Breastfeeding: An essential path to optimal growth for infants

Breastfeeding is of great importance for the health and survival of children under six years old but global rates of exclusive breastfeeding fall short of World Health Organization recommendations. Less than half of infants worldwide receive exclusive breastfeeding during this critical period. Breast milk provides all the necessary energy and nutrients for infants, fulfilling over half of their nutritional requirements in the first year and up to one-third in the second year.
The benefits of breastfeeding extend beyond infancy. Breastfed children tend to perform better on intelligence tests, have a reduced risk of obesity and diabetes in later life, and their mothers experience a lower risk of breast and ovarian cancers. However, the promotion of breast milk substitutes remains an obstacle to improving breastfeeding rates worldwide.
A significant issue contributing to low breastfeeding rates is the lack of essential maternity protections for working women. Shockingly, over half a billion working women worldwide lack access to necessary support in national laws. Only 20 per cent of countries mandate employers to provide paid breaks and facilities for breastfeeding or expressing milk.
In an effort to address these challenges, World Breastfeeding Week’s theme, “Let’s make breastfeeding at work, work,” highlights the importance of greater support for breastfeeding in all workplaces. Progress has been made in increasing exclusive breastfeeding rates over the past decade, rising by 10 percentage points to 48 per cent globally.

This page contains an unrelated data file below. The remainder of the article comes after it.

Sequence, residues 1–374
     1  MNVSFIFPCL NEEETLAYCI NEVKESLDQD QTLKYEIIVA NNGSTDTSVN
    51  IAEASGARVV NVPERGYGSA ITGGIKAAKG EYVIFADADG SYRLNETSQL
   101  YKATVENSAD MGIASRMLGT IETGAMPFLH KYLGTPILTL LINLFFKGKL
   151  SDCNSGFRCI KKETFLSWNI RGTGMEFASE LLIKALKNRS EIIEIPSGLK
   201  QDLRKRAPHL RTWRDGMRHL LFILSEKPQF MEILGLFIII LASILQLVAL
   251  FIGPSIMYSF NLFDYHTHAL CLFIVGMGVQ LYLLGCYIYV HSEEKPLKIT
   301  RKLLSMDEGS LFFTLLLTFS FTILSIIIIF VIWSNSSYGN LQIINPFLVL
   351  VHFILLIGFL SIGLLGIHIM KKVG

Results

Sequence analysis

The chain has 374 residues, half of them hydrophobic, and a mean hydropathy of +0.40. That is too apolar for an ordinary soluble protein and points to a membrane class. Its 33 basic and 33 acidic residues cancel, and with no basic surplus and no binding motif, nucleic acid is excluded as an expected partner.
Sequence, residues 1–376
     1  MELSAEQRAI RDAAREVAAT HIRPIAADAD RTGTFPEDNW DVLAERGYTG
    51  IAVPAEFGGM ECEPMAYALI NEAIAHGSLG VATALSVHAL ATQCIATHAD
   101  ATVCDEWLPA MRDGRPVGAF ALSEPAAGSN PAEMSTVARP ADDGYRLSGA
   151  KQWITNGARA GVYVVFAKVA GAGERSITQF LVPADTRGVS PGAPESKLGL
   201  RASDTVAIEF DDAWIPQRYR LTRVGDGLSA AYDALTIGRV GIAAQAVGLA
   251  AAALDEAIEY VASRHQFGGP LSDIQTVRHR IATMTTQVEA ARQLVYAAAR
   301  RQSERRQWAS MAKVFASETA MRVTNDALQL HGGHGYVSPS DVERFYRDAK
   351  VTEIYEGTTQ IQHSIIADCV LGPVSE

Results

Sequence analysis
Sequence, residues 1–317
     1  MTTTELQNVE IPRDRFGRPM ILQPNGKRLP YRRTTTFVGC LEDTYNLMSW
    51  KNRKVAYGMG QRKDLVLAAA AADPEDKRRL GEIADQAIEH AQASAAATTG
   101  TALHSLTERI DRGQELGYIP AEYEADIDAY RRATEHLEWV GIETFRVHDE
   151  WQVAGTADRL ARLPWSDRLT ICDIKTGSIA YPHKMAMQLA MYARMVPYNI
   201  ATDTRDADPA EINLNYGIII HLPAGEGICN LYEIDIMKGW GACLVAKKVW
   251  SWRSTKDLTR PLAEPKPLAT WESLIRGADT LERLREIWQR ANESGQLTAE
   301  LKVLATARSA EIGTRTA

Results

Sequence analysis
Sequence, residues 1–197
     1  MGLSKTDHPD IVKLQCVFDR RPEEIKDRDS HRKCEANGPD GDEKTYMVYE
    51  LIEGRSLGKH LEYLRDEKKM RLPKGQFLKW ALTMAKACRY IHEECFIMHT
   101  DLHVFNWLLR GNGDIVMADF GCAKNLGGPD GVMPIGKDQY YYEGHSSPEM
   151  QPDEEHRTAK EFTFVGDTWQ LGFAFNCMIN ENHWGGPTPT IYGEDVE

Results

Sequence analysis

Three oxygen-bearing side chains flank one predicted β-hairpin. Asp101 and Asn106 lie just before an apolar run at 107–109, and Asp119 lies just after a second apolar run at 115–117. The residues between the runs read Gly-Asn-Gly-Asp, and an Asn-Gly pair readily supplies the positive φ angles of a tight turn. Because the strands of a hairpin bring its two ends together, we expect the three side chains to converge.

Family-friendly workplace policies have proven beneficial for working women, their families, and employers. These policies lead to economic returns by reducing maternity-related absenteeism, retaining female workers, and cutting hiring and training costs.
World Breastfeeding Week, celebrated every August, honours the dedication of breastfeeding mothers who play a key role in nurturing the next generation. Breastfeeding remains the ultimate child survival and development intervention, protecting infants from common infectious diseases, strengthening their immune systems, and providing essential nutrients for optimal growth and development. Exclusive breastfeeding significantly reduces the risk of infant mortality.
Breastfeeding mothers deserve admiration for their selflessness and sacrifice. They juggle earning incomes and nurturing their children while prioritizing their families over personal interests. Their dedication shapes future generations with a positive impact on the world.
To achieve the global target of 70 per cent exclusive breastfeeding by 2030 and enhance child survival and development outcomes, it is crucial to ensure access to maternity protections and encourage breastfeeding support at work. Hence, all walks of life must collaborate to create an enabling environment to support breastfeeding mothers, leading to brighter and healthier futures for the world’s children.

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